Under the Book of Discipline paragraph, when conferences outside the United States desire to become an autonomous Methodist, affiliated autonomous Methodist, or affiliated united church, approval must be secured from the central conference involved and this decision be ratified by the annual conferences within the central conference by two-thirds majority of the aggregate votes cast by the annual conferences. The paragraph lays out a list of steps the central conference must complete.

During the forum, former Chief Justice Reynato S. Puno, a lay leader, called for an immediate declaration of autonomy without going through what he described as a “tedious” process. 

Puno noted that more than 6,000 churches in the U.S. have disaffiliated from The United Methodist Church after decades of intensifying debate and defiance over the denomination’s bans on same-sex weddings and “self-avowed practicing” gay clergy. Most of the exiting churches want to maintain bans related to homosexuality.

“(Disaffiliating churches in the U.S.) have been given a speedy exit and UMC Philippines should not be accorded a more tedious way of exit. Freedom of association cannot be based on a unity that is less than voluntary,” Puno said.

He told United Methodist News that it is urgent to move toward autonomy because the issues in the church are creating problems for The United Methodist Church in the Philippines.

“The facts show that UMC Philippines is fast declining in numerals and influence in our jurisdiction. These hydra-headed problems need to be addressed by a UMC Philippines with full autonomy and addressed now. Its attention cannot be distracted by this issue of whether or not to retain the ban on practicing homosexuality or by any other lesser issue for that matter.”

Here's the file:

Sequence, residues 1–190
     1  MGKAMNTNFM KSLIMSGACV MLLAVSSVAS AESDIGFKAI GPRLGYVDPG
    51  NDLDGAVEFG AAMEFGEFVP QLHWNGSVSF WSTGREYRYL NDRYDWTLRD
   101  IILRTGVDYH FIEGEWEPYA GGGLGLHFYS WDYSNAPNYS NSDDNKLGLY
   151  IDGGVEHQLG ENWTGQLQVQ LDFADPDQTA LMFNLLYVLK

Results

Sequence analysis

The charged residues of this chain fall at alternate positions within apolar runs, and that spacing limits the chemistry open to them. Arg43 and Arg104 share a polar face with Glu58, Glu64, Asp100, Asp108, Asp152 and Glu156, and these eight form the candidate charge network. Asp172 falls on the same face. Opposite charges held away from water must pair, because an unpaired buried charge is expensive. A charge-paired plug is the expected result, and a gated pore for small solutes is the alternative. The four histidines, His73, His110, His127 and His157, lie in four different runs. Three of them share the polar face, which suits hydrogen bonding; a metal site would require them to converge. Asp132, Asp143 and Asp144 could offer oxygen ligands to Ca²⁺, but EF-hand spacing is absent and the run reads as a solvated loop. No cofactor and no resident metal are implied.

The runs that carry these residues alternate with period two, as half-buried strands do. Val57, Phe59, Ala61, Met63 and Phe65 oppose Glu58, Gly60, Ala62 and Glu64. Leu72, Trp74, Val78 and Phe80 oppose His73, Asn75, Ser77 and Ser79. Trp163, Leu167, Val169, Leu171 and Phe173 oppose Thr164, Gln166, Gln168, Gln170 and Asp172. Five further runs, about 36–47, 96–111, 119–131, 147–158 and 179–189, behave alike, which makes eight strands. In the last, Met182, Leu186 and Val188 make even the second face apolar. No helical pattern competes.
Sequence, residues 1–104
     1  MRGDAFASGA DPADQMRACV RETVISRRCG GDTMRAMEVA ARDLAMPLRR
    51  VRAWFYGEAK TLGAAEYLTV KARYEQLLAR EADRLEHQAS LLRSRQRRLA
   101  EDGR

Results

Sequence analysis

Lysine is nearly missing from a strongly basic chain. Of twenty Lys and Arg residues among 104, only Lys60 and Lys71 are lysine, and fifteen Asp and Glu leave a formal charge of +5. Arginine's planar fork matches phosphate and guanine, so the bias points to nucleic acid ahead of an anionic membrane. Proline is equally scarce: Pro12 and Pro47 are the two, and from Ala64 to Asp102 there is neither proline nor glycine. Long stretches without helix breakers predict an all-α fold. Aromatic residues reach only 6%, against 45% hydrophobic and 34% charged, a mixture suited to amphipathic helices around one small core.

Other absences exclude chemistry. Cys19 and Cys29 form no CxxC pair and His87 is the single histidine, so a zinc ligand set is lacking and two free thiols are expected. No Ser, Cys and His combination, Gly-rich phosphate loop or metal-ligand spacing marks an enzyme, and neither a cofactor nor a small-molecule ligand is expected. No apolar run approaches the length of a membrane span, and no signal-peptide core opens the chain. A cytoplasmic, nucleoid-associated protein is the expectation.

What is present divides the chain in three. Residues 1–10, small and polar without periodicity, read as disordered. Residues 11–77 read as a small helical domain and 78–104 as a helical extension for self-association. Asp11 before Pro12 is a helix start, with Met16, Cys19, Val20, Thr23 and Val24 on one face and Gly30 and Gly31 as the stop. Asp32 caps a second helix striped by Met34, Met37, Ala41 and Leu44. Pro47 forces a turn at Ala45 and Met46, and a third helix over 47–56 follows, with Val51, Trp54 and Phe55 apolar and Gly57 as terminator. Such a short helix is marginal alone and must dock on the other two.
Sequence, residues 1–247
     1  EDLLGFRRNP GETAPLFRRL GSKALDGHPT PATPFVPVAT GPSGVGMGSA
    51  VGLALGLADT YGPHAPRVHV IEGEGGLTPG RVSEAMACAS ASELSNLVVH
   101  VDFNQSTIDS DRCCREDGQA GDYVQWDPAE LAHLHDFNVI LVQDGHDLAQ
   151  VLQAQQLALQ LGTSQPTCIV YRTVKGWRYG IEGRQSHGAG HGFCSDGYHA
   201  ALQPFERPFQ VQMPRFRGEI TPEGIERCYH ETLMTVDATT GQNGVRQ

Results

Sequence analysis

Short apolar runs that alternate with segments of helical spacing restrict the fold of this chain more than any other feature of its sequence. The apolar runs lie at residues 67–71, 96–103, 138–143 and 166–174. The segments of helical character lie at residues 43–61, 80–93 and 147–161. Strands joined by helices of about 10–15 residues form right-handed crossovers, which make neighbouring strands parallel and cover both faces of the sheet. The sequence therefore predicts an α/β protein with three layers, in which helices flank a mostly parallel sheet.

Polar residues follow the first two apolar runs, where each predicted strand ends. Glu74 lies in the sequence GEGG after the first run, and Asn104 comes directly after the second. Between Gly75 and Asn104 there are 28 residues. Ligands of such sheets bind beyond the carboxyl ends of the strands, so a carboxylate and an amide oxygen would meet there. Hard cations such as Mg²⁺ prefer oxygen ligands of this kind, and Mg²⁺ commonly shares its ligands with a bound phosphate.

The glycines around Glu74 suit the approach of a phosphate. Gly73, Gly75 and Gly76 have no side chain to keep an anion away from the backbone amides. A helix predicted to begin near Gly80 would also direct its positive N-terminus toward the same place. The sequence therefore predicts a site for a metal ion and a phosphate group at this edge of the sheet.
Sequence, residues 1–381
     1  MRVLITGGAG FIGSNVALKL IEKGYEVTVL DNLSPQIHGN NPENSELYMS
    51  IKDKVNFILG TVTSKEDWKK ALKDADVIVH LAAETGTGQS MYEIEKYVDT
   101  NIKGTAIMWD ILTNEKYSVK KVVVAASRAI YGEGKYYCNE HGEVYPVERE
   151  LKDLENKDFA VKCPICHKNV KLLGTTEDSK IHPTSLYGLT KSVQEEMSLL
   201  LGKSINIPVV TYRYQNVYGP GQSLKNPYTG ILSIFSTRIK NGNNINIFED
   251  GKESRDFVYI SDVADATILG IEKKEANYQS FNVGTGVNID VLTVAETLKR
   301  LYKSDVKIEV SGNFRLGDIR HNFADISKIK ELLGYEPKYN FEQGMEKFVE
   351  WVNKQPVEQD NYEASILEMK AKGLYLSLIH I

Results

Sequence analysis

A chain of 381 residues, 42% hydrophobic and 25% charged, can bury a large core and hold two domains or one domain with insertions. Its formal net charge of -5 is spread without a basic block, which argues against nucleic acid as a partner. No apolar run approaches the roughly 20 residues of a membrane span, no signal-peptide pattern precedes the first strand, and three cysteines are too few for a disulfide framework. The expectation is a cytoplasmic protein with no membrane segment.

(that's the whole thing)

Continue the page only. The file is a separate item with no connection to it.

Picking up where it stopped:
Puno said he believes that the majority of United Methodist churches in the Philippines are against changing the language in the Discipline.

“They embrace the conservative, traditionalist viewpoint that is anchored on the clear teachings of the Bible. Hence, the only way to stop the winds of this schism of UMC Philippines is to follow this traditional viewpoint, which incidentally is reflected even in our current laws and jurisprudence,” he said.

Bishop Israel M. Painit of the Davao Area said a unilateral decision to secede from The United Methodist Church without going through the proper process can have significant implications.

“It may lead to division within the congregations of our churches, legal disputes over property and assets, and strained relationships with other Methodist congregations,” he said. “It’s important for churches to follow established procedures (Paragraph 572 of the Book of Discipline) and engage in open dialogue to minimize potential conflicts and maintain the unity of the faith community.”